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Hancock And English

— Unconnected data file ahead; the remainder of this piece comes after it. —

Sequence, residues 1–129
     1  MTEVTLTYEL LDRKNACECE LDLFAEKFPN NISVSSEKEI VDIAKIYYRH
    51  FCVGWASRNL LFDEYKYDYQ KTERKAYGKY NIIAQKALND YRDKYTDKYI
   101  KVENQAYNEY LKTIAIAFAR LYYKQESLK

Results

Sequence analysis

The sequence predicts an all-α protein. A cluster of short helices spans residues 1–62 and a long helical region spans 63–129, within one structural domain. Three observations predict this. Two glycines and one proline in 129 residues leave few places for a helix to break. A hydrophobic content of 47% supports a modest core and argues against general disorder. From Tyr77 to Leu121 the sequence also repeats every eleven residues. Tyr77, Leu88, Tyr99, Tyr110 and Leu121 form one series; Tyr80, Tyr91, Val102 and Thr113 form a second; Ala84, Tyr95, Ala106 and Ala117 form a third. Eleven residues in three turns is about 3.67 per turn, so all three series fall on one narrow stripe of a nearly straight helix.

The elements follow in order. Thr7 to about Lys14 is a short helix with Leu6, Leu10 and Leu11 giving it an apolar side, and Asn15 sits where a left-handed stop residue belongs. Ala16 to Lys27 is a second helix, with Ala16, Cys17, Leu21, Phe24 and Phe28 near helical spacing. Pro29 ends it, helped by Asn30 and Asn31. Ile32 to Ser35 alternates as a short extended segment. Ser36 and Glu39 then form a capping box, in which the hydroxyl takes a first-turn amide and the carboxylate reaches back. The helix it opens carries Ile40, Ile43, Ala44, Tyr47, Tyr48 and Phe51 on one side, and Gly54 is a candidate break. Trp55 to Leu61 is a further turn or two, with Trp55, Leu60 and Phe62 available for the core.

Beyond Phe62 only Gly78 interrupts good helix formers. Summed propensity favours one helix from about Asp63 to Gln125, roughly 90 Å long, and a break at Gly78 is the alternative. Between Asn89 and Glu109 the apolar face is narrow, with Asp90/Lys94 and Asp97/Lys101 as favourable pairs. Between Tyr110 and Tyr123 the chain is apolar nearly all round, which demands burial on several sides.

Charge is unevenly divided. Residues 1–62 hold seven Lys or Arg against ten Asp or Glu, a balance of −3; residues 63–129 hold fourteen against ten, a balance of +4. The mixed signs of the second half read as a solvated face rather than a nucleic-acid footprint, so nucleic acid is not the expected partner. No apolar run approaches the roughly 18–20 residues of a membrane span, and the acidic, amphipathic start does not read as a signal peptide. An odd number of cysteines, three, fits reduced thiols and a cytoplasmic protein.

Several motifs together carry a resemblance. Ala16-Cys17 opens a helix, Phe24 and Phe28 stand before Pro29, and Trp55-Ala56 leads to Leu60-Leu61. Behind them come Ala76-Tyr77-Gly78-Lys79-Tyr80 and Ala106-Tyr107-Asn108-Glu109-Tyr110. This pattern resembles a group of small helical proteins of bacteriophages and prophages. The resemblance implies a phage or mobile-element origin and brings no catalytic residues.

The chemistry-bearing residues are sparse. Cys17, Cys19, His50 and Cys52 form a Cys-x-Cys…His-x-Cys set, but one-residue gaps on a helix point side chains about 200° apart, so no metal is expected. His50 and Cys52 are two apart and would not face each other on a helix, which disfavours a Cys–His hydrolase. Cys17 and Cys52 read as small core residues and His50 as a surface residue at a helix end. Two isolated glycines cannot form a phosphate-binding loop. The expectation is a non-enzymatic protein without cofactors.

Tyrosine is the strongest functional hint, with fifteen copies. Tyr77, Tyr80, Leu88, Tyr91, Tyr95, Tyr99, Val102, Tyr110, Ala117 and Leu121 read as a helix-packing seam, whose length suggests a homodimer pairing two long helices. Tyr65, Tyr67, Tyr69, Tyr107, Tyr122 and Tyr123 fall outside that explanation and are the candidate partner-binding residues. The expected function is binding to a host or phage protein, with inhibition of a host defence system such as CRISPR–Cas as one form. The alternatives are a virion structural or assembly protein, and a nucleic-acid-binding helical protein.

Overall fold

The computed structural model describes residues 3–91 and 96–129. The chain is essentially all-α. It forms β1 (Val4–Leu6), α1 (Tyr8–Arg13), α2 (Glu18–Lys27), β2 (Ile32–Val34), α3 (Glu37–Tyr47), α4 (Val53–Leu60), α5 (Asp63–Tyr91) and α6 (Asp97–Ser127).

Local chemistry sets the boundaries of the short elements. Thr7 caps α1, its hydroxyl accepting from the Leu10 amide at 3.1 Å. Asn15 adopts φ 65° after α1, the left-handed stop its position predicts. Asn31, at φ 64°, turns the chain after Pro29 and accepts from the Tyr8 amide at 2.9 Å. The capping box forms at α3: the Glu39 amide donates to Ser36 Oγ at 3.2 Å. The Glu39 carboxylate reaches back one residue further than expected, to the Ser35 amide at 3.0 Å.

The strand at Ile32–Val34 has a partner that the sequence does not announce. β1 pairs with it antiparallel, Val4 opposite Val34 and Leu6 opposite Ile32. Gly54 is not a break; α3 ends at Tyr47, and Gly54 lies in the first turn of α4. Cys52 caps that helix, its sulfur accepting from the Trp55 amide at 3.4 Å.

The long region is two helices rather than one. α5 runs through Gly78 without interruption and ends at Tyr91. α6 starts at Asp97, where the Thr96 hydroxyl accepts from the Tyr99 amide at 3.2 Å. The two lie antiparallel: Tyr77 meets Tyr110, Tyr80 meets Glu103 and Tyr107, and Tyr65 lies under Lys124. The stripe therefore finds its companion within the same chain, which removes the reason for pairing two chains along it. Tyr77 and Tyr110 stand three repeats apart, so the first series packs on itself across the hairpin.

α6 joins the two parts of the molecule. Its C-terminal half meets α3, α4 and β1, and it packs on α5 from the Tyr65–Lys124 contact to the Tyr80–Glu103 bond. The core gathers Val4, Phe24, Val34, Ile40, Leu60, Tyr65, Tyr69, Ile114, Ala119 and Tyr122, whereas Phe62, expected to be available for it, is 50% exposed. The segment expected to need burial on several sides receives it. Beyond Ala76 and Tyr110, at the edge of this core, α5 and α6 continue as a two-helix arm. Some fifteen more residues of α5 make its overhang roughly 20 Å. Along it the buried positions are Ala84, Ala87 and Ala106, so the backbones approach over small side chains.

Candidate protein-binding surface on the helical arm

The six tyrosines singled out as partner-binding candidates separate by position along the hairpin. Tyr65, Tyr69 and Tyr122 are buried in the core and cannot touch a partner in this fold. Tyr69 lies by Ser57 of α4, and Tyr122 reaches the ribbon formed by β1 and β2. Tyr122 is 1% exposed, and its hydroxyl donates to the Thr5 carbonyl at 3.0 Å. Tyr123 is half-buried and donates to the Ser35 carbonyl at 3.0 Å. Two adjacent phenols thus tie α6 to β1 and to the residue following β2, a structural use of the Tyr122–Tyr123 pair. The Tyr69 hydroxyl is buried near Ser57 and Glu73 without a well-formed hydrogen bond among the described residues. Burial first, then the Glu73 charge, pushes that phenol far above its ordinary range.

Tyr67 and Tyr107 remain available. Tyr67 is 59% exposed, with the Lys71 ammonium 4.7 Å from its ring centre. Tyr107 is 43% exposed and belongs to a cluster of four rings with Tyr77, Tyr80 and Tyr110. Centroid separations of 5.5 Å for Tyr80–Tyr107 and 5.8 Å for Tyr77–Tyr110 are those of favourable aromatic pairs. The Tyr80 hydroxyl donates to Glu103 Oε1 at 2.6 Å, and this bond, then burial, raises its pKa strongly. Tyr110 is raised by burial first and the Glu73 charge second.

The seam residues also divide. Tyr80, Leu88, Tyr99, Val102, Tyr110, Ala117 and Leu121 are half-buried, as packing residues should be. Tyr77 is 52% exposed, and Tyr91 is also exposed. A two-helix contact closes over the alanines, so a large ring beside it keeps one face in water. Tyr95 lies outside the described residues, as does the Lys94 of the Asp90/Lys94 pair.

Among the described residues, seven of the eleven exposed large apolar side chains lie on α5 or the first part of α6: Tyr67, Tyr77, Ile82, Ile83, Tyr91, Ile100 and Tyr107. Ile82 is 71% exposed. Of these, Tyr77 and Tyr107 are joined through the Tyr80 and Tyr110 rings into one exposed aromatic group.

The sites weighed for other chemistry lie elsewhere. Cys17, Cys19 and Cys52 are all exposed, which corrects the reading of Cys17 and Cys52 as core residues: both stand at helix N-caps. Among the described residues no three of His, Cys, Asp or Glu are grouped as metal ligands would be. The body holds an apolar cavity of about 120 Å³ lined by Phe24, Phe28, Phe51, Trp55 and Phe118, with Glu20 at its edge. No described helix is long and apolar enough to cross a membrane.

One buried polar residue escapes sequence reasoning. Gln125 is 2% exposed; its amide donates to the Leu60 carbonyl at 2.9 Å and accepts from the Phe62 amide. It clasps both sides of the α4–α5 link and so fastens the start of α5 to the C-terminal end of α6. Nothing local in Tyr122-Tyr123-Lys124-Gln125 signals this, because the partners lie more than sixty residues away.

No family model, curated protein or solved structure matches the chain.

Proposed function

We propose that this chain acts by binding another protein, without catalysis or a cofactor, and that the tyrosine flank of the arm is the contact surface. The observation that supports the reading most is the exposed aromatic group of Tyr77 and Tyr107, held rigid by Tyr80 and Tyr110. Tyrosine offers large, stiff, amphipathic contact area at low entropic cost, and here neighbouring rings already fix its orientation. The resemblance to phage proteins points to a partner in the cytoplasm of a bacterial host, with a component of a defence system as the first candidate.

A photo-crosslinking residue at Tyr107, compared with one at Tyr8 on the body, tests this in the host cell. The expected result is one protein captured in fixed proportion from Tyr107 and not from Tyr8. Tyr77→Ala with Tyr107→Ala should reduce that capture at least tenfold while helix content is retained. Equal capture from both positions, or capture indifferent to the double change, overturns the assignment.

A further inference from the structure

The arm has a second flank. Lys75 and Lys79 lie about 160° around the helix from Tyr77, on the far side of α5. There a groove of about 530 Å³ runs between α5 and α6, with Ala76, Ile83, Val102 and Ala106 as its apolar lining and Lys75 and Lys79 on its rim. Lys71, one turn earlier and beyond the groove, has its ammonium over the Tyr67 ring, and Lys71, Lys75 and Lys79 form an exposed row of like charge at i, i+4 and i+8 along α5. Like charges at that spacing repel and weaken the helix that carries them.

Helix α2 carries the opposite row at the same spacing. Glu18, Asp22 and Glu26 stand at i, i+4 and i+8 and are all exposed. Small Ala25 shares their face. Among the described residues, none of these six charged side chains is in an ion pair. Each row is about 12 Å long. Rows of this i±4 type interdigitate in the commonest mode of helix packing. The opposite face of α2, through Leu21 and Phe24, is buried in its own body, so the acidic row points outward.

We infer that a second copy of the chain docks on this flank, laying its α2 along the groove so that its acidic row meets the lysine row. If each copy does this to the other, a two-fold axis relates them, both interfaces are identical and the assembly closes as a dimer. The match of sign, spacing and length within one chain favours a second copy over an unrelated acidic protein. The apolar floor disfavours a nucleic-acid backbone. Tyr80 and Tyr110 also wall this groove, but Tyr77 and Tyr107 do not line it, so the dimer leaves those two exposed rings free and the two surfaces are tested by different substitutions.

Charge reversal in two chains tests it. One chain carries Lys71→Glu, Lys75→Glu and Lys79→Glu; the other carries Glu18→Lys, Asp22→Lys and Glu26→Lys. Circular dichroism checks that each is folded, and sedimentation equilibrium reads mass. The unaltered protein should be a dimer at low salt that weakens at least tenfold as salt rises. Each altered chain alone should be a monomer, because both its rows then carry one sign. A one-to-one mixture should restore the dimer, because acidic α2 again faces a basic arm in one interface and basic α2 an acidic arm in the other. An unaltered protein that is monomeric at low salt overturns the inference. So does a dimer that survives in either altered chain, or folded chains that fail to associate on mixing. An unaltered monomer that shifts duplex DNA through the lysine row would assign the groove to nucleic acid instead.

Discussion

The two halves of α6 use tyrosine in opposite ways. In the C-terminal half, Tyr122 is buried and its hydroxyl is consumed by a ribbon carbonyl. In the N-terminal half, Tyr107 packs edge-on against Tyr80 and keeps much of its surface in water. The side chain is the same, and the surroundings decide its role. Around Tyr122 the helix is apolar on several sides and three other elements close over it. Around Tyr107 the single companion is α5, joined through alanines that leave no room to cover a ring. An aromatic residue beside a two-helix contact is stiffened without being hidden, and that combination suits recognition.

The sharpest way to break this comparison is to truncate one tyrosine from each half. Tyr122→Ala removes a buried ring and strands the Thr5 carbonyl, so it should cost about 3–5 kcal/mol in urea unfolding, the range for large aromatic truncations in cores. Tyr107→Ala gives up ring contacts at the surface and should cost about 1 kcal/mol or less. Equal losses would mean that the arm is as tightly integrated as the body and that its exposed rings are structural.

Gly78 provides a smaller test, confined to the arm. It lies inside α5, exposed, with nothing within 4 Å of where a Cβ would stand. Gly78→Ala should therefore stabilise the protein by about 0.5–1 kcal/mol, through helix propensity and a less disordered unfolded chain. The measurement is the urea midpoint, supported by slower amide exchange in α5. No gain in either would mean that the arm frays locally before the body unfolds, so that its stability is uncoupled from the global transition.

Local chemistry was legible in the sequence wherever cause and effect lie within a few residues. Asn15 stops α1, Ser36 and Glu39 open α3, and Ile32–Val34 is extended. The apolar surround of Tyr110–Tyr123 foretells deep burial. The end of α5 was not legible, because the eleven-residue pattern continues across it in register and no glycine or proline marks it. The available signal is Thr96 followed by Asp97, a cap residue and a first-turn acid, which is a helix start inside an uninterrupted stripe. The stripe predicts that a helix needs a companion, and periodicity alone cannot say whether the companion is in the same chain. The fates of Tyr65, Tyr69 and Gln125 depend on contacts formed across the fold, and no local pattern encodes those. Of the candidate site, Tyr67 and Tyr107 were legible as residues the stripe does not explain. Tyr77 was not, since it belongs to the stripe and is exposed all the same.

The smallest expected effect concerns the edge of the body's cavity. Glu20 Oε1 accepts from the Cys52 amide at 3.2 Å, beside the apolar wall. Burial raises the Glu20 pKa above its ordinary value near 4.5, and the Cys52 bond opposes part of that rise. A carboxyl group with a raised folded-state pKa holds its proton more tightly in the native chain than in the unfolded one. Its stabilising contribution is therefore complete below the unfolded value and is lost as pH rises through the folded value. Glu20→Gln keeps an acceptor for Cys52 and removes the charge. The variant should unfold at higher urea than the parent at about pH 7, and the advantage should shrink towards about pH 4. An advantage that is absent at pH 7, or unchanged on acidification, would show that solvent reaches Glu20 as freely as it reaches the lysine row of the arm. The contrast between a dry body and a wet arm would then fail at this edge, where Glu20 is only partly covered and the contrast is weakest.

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It is with great pleasure that we place at tho of oar columns the names of Winfield 3cott Hancock of Pennsylvania, nominated on the second ballot, for president, and William'H. English of Indiana, abosen on the first ballol for vice president. It is au exceptionally Strong ticket and one that will commend itself not only to all demo 'atic voters but to ;'.iousan:ls of repub Ucans who believe tlie time has coiné . for a chunge of administration. Tliese ' uuiuinatiouH will heal the breach in t'ne party in the great pivotal state which will decide the contest. There is no doubt eoncemïhg New York now: Tammany wlU march ia solid phalans by the sid,e of anti-Tammany, eaeh vieing with Uie other in support of the candidates. Indeed, te. recover its lost prestige the bravea led by Kelly will woük the liar.der to ie-iiis(.aie themselvcs in affectibns of the party. The' empire state is good for 40J000 majority. COnnecticut and Xew Jersey, eoutiguous s'a'.es, vvill as usual i'all tafo line with tlieir great and influential ueighbor. With 138 electoral votes south we want no more to win the day. Yet there is Indiana, the home of EnUlish, which can not for the coming battle be placed in the list of doiibtt'ul states. She with flfteen 'electoral votes will be safe to f'all back upou in case of necessity. But what of the Keystone state with tw.enty-nine electoral votes? Win not the nomination of her favorite son place her in the list of doubtful states ? Rermblican she has been it is true, but by majorities that can be overCöme. lier soldiers will not forget tlieir okl conimander. fier pride will be appealed to and we confidently hope and believe successfuïïy, to give her support to one of her children. Our candidate for president was born in Montgomery coimty, Pennsylvania, Feb. 14, 184. He entered the West Point Academ.y in 1840, graduated in 1844, and ki 1846 received bis cornniissfoir of L few tenant of infantry. He served during the Mexican war, was promoted for liis gal'antry, and having filled several subordínate posts. was wade Assistant Quafternaaster in the Western department, witli the rank of Captain on the Staff, which rank he lield at the outbreak of tlie civil war. In ]S6l 1 e was appointed a General of Volunteers, and served in the Army of the Potomac. He accompanied Gen. McClellan'a army to the península in 1862, and distmguished hdmself at the battl of Wiliiamsburg, At the battle of Fradericksburg, in Dec, 1862, he coinmanded a división, which suftered severely, and for lii.s meritorious conduct on this occasion received a comrnission as. Major-General. He took part in the battle of Chancellorsville. When the advance of the Union and Confedérate forres, encountered at tiettjysiwg, July, j. isr,;. and the Union forcea in ifalmwi back. Hancock wns ssj.t fbnrard bv Mearte to 0' ' ' ' sliould be riski'if tttere; and if so. al though he was out-ranked by Iloward who was on the fleld, was ordered to take the command unül Meade shoulc come up. In the decisive engagement, July 3, Ilancock's own división bore the proruineat iut, alüiough he himself was severely womcted early in the action. He recovered safflciently to retirn to duty i)i c. 27, 1868, but was unaMe to conimand a body of troops till April, 1S04, vvhen he was promoted to the cemmand of the íáid Arniy coips, and was engaged in all the battles of the WUdernesa campaign, from May 5 to 19, 1864, when the breaking out of the oíd round recerved at Gettysbnrg compelled him to leave for a time. He returned to bis command in July, and remained witlv it t'll Kov. 20, 18ft4, being subsequently engaged in liglitei; dnties till the elose of tlie war. He was pronioted to fte Brigadier-Genera! of the regular army in Aug., 1861, Brevet Majoi-Genenil, MarcB 13, 1865, and Major-Geraeral, United States Army, July 26, Af ter üie war he was snceeesively Commander of the Middle Department (1865-66), of the Department of the Missouri (.1866-07), of the Department of Louisiana and Texas (1867-68), and of the Department of the Uakota (lS(;0-72). Upon the death of General Meade, Nov., 1872, althougli Gen. Hancock was poiitically opposed to President Grant, aaid althougli personally thy were not even apon ing terms, the President, in acknowledgment of the great military services of Hancock, appointed him to the commaïl offcta Department of the East, witfl his bead-quartenr at New York, a position whleh he still holds, beins one of the three msjof-genérals in the United States army. In 1808 Gen. Hancock was a prominent candidato for tire Preidency, and in the Democratie nominatinfc oonvention he received on the lsth hallot. Hl vote, the h ntnüber 'rtth ne exoeption of 1 !" cast for Mr. Pendleton, on the 12th ballot) cast for any eandidate, until, on the 22nd ballot, Iloratio Seymour, who had , before positively deolined the ture, was suddenly uominated by way of compromise, and received a inianiraous vote, but at the ansuing electiou was defeated ly Gen. Grant. SchuylerColfitx's soliloquy: "Garfield and myself botll slm'kholders in the credit mobilier; both were proven guilty. I heing the honester man coníc;sim1; Garfield denied. Now whieh deservea most the eonflderwee of the American people, I who told the tnitli or Barfleld who lied about it. Such examples to be placed before rising generations will not angur weJJ to the repubBc. I will shortly announce myself a candidate for 1884 and test the moral sensibilities of the party which by the progresa now m iking, will theu be in shape to tluis honor me." "Any man who leaves the army to eleettoneer for eongrsss o-ught to be scalped," wrote llaves in responso to a request from his people to come home and stump his district in hi's own favor. lie didnt go bnt Garfield dfd and Garficld's sealp haan't aever been lifted. Bro. Beal's "boom" had better be put on ice during the Warm weather. M)rU!ic:ition may set in.